Don’t discount the Justice Department’s Gonzales probe

I suspect that a lot of people had an instant, “Yeah, right,” reaction when they first heard that the Inspector General of the Justice Department is investigating Alberto Gonzales’s misleading testimony before Congress.  Given past experience, only a fool would not be at least a little skeptical.

But don’t be too surprised if this turns out to be a good deal more than a toothless PR exercise.  There are still a lot of fine public servants at the Department of Justice, including, of course, many lawyers working in the career service.  And I will guarantee you that a bunch of these folks are furious over the way Gonzales has pissed all over their department’s reputation.

Up to this point in the Bush Administration, all too often the political hacks at Justice have held inappropriate sway over criminal investigations, and there’s no reason to think the administration’s basic game plan has changed: but the ability of the Bushies to manipulate the process has almost certainly diminished now that the spotlight is on them and many of the top politicos are heading for the hills.  As a practical matter, it would probably be impossible at this point for any political appointee to successfully derail an active investigation into the former AG’s conduct.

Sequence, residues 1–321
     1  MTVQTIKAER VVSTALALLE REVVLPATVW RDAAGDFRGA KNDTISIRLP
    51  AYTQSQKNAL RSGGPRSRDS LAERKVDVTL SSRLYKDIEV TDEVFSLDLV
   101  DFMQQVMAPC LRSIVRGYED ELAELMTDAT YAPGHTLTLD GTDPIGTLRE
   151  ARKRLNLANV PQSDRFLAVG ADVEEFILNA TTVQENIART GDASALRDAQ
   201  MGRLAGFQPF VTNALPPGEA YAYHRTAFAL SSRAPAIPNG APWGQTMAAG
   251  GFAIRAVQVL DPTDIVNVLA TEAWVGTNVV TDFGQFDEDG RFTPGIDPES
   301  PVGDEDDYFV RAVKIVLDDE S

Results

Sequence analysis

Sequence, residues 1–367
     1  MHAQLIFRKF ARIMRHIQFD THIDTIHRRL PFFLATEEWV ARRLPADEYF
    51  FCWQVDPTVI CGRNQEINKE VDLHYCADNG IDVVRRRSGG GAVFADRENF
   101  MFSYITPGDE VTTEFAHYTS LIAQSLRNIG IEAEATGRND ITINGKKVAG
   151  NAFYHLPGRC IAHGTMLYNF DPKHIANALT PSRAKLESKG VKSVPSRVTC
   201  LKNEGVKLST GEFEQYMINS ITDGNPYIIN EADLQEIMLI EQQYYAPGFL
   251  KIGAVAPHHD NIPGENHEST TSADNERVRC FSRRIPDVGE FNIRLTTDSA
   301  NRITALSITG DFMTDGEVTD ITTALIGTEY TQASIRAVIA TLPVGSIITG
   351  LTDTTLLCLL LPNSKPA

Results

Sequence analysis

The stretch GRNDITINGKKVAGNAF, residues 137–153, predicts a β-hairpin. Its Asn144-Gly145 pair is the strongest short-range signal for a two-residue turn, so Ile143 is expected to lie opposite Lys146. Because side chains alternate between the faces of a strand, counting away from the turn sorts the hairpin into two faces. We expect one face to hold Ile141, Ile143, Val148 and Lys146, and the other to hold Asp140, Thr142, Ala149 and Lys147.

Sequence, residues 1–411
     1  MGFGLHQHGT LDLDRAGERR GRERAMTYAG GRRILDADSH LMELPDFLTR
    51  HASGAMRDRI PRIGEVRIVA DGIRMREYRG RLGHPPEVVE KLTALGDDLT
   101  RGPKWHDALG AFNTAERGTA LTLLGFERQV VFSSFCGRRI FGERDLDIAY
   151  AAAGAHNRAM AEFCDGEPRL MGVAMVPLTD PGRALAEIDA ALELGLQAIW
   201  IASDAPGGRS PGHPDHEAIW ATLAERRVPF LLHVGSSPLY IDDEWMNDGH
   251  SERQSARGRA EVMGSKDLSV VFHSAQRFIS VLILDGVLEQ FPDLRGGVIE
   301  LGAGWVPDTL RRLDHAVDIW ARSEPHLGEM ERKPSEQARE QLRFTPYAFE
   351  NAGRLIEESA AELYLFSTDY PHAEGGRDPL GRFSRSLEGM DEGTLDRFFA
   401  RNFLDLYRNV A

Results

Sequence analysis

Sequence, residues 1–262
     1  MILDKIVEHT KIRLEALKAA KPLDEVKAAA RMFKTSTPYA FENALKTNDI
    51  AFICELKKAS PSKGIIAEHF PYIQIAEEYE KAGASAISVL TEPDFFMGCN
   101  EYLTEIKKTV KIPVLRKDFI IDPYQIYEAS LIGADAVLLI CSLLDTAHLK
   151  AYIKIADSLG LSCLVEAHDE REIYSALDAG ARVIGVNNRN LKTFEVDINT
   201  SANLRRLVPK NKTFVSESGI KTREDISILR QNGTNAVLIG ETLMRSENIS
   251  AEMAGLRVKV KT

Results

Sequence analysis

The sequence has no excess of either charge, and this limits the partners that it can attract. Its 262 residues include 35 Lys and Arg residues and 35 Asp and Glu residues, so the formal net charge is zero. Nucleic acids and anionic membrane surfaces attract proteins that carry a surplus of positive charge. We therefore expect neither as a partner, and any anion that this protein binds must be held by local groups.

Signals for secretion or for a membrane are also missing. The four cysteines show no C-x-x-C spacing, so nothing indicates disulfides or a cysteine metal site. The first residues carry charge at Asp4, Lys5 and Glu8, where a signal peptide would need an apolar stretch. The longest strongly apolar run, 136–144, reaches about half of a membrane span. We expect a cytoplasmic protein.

Believe it or not, I actually won’t be that surprised if I wake up some morning to discover that an indictment has been handed down or even a plea agreement reached.  It could happen without our ever having known that a criminal investigation, as such, had even formally been opened.

It may not happen: but it’s not nearly as long a shot as some people may believe.   

Update: Related to the point that there are still many fine lawyers serving at Justice, see this post by Scott Horton.

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